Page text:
Laughter and money seemed to go hand in hand at last night's Possible Dreams auction in Edgartown. The better the one-liners, the higher the bids.

Fortunately, there were some pretty glib celebrities willing to stoke the fire, and in the end, the 24th annual auction of 53 dreams had pulled in more than $376,000. That figure fell short of last year's take of just over $400,000.

Organizers, aware of dips in the stock market, had braced themselves for what could be a slow year at the auction block, but were pleased with the results.

"That's amazing in this kind of economy," said auction co-chairman Kerry Scott.

If the final take was a little less, it wasn't for lack of trying.

A trio of auctioneers - Rick Lee, Susan Klein and Art Buchwald - all took turns, cajoling the audience and trying to squeeze as much cash out of them as possible.

"It's impossible to buy these dreams anywhere but here," said Mr. Lee.

"Don't forget who we're doing all this for," said Mr. Buchwald. "It's for the people on the Island who stay behind after we all leave. If it weren't for them, none of us could have a good time."

Mr. Buchwald, who had been sidelined two years ago after suffering a stroke, made a special point of taking over the gavel when it was one of his pals offering the dream.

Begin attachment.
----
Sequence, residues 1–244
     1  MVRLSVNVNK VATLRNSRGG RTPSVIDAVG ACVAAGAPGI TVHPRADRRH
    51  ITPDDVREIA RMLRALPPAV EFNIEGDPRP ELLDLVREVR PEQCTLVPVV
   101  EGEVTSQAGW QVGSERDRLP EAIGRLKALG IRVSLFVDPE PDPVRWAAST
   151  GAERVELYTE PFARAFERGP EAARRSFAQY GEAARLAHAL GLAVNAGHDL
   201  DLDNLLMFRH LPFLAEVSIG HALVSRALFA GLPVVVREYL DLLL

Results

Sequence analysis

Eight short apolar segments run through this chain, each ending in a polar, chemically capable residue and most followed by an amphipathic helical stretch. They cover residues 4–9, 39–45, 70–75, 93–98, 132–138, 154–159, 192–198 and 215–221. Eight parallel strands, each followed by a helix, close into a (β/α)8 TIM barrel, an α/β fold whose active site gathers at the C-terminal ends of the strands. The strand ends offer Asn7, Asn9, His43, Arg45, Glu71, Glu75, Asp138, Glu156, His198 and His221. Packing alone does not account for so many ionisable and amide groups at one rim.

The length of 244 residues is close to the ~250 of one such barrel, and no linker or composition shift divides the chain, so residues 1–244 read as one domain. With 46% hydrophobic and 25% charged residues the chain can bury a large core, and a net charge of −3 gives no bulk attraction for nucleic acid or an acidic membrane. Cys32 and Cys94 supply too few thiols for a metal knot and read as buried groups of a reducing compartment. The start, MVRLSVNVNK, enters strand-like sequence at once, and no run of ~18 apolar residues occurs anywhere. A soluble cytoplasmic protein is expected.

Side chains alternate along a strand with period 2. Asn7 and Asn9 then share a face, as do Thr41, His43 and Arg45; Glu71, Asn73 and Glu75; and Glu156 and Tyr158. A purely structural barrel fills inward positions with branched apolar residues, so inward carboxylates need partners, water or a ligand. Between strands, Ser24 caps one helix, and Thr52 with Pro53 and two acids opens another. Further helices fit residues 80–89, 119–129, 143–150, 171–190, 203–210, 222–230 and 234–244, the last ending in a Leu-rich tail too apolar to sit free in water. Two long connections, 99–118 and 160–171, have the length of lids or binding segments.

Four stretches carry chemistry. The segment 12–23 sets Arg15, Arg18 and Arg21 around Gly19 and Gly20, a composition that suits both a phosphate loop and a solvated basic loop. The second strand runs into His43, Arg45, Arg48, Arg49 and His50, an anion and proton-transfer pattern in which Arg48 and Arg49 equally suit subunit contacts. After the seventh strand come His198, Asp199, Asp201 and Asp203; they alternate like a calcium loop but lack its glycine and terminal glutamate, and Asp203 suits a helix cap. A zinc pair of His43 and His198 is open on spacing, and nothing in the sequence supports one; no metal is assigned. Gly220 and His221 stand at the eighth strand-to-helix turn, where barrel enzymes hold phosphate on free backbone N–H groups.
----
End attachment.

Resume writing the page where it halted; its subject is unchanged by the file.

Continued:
The syndicated newspaper columnist made no secret of his alliances with other media kingpins and writers such as Mike Wallace, Walter Cronkite and William Styron. Mr. Buchwald likes to poke fun at his gang of cronies, but the great thing about last night was that some of his friends returned the favor.

In a rare public moment, Mr. Styron stood up and grabbed a microphone to explain that his dream offering - a literary luncheon for four at his home on the Vineyard Haven harbor - should honor his book-loving friend, Art Buchwald.

There was a story behind his quip.

"I recently gave a talk at the Smithsonian, and afterwards a man asked me to sign a copy of Confessions of Nat Turner that he'd bought at a flea market for a dollar and a half," Mr. Styron said. "When I looked in it, I saw it had been inscribed: ‘To my beloved friend Art Buchwald.'"

The crowd erupted in laughter. Mr. Styron then announced he would toss in a first edition copy of Sophie's Choice.

The first bid was a strong $5,000, jumping in rapid-fire bids to $8,000 and then $10,000.

"It's three Styrons for the price of one," Mr. Buchwald hollered, pointing out that the luncheon would include not only the Pulitzer-winning author but also his wife Rose Styron, a poet, and his daughter Alexandra Styron, who just published her first novel.

"It's really true that I did give this book away to some flea market," Mr. Buchwald then added, trying to sound contrite. "I don't know how it happened."

The final bid climbed one last notch to $11,000. This was clearly the beginning of a crescendo that unleashed the night's highest bidding.

The next dream to come on the block was dubbed "Chefs Ahoy," offering the services of four Island chefs to cook a multi-course dinner for ten people.